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Snacking typically occurs as an automatic, consciously uncontrolled process which can lead to unintended health consequences. Grounded cognition informs about the multifaceted drivers of such automatic consumption processes. By integrating situation-, stimulus-, and person-specific factors, this study provides a holistic account of snacking.Design/methodology/approachA combined psychophysiological and behavioral experiment is conducted wherein participants can casually snack chocolate while participating in a survey setting. Implicit cognitions are assessed with the Implicit Association Test. The percentage of consumed chocolate serves as dependent variable in a Tobit regression with predictors at situation, stimulus and person level.FindingsChocolate snacking is positively influenced by personal craving tendencies, implicit food associations and situational contingency. We condense the results into an overarching framework in line with grounded cognition literature.Practical implicationsThe multidimensional framework can guide consumer protection efforts to reduce excessive snacking habits based on situation, stimulus and person.Originality/valueThis study integrates theory from social cognition, consumer research, and behavioral food research and, thereby, extends the existing body of knowledge on grounded cognitions underlying snacking consumption.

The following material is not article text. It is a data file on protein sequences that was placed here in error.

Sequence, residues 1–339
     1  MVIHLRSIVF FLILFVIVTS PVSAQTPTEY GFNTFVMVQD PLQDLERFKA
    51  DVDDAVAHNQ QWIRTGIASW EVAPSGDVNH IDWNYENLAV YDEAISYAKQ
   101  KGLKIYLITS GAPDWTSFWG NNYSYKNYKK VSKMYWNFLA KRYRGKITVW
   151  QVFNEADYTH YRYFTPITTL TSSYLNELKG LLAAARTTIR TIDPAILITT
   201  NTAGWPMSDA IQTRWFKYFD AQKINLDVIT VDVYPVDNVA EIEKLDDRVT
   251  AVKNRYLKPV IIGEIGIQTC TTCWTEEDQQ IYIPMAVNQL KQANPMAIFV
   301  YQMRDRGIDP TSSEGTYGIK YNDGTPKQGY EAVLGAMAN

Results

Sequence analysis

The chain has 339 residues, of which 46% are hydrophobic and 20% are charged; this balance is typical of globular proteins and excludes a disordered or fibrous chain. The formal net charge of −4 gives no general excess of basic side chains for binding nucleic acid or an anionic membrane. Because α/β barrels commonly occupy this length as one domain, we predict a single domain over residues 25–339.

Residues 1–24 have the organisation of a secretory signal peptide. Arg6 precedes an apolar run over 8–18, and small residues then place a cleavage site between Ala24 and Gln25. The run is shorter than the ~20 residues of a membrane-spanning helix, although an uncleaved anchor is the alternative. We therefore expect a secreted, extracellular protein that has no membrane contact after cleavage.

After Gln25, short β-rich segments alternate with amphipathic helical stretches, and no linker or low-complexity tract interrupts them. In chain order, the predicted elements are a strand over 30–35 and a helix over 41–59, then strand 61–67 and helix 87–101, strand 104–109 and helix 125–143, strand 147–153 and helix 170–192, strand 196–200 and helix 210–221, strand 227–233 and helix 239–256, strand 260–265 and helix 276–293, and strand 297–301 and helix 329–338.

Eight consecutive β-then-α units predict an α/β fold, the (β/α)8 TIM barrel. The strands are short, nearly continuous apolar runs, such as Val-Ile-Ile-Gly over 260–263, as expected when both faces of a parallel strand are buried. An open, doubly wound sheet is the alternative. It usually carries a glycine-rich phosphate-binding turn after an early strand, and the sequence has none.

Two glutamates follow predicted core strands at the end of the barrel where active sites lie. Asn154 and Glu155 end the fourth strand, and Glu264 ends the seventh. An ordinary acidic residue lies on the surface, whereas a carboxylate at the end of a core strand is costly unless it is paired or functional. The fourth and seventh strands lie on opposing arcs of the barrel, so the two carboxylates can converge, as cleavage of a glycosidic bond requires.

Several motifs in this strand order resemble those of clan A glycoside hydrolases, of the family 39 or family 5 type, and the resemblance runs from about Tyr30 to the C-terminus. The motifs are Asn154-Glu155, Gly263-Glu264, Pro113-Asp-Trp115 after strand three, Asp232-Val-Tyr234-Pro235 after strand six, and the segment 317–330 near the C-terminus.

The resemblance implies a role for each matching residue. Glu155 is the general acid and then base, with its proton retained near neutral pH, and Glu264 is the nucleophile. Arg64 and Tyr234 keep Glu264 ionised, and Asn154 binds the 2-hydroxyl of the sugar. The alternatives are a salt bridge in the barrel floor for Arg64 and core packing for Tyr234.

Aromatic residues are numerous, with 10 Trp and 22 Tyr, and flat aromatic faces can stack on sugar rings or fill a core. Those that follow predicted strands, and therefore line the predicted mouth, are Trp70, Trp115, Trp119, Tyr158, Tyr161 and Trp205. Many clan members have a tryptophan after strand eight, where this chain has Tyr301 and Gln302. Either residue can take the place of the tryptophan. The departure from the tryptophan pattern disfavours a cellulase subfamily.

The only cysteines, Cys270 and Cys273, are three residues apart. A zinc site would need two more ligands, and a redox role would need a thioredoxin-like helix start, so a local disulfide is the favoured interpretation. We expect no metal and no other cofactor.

British Food Journal – Emerald Publishing
Published: Apr 27, 2021
Keywords: Implicit attitudes; Snacking; Casual consumption; Grounded cognition; Habitual behavior
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